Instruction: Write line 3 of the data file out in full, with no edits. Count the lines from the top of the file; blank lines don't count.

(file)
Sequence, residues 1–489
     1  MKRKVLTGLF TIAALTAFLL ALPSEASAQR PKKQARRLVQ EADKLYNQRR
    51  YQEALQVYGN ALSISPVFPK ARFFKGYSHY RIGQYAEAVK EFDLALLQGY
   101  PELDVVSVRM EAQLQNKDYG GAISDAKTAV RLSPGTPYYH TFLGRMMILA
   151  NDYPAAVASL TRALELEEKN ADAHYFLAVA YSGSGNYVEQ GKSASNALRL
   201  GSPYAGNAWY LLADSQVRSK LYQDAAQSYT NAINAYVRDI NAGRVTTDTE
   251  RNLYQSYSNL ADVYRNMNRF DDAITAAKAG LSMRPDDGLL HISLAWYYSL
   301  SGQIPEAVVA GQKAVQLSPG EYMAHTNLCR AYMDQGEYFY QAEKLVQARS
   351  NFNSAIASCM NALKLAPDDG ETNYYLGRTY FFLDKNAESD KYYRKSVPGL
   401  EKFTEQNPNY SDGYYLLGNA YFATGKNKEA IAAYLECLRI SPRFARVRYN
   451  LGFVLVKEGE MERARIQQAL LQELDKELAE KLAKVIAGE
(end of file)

    51  YQEALQVYGN ALSISPVFPK ARFFKGYSHY RIGQYAEAVK EFDLALLQGY